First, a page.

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 user 2008-06-26 at 12:39:07 pm Views: 74
  • #20035

    UCP Prepares Disabled Arkansans In Cartridge Recycling Career
    United Cerebral Palsy of Arkansas is one of the places in the state offering a recycling service.
    “Cartridges that we can rebuild that are in quality shape we remanufacture and sale on the open market,” Business Community Director for UPC Daniel Leslie says.Leslie adds, “I don’t think there’s a job that they can not do.”Every employee has a disability but an ability to work on customized machines that rotate so employees can use both hands.Every cartridge is tested before it goes out for packaging and unusable parts are recycled and replaced with new ones.”We will take anything that has to do with printing because we know individuals are too busy to worry about what gets recycles what doesn’t. We’ve hired an individual with a disability to sort through all that and what can be used what can not,” Leslie says.

    In just seven months cartridge recycling can save over 11 million gallons of oil. That’s more oil than what was spilled by Exxon Valdez in Alaska in 1989.This business not only helps keep pounds of non biodegradable waste out of our landfills it’s boosting the self esteem of dozens of self-sufficient Arkansans.”Most our employees would probably be seating in day centers not being able to be productive. It’s very important to their self esteem it’s also very important to their health. If a person has a high self esteem feels like they’re being productive they’re health tends to improve,” Leslie says.Norvell Hall, Jr. adds, “I’m glad I did find this job because I like to work, and I’m just crazy about my job now.”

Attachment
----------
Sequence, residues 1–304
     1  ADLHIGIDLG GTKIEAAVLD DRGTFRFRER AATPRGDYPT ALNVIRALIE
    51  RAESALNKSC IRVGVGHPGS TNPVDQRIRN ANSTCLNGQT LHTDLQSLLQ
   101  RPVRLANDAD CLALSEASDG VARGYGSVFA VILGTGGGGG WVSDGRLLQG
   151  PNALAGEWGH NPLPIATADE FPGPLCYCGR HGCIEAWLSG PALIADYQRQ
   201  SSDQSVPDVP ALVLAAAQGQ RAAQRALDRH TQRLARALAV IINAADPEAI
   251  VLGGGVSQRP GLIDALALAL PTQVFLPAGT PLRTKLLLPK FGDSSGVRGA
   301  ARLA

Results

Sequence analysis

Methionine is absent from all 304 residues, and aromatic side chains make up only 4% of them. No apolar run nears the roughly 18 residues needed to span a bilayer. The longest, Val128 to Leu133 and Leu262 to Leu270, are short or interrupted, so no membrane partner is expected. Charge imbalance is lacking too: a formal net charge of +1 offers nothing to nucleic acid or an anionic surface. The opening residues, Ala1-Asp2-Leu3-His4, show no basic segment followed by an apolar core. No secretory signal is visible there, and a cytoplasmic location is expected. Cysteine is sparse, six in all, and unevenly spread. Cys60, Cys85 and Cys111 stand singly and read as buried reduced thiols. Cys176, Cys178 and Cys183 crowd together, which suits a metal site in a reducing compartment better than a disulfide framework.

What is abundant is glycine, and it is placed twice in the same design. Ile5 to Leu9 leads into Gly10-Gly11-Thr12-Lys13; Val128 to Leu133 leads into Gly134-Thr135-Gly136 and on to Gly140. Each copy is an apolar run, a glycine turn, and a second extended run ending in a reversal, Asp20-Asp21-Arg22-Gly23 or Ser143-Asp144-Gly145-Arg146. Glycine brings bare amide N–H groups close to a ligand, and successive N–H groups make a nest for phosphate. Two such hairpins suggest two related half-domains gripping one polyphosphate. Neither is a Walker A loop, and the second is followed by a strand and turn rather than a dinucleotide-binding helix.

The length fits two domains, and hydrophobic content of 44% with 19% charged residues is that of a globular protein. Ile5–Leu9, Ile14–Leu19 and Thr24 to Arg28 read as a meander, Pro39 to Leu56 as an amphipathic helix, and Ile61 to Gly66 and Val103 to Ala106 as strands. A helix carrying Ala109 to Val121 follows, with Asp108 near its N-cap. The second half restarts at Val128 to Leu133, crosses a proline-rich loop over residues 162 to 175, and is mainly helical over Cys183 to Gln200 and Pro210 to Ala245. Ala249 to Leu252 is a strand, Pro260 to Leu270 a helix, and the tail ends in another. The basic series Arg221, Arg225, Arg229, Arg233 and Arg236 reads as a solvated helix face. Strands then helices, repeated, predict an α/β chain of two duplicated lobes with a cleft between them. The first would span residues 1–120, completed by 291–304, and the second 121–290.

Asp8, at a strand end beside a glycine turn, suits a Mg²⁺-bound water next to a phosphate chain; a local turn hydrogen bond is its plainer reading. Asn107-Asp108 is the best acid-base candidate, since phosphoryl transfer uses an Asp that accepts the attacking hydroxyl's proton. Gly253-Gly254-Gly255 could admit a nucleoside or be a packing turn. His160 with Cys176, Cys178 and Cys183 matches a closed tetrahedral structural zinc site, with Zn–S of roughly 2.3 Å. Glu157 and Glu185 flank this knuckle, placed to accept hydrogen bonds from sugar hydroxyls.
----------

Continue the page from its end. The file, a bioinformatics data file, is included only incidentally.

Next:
Jimmy Gray says it can be hard to find a handicap accessible place to work, “In the work field that we’re in it creates opportunity. If I decide to advance I will have the skills and experience.”Many employees have worked here for decades and plan to be here for many to come.Hall, Jr. adds, “I’m going to be here for a long time. You can’t find another job like this, you can’t.”Leslie says, “Our cartridges have been sent to our troops in Afghanistan. The level of pride that these individuals had that they were being able to help support our troop made all of us feel great.”UCP provides regular customers with collection boxes and establishes a schedule to pick up any printing equipment.To learn more about donating or buying toner cartridges from UCP call (501)228-3814 and ask for Daniel Leslie.WHY RECYCLE:- Almost three ounces of oil are required to produce a new inkjet cartridge. – Approximately two pints of oil are required to produce a new toner cartridge. – Each discarded empty laser printer cartridge adds approximately three pounds of waste to our landfills and takes about 10 centuries to decompose.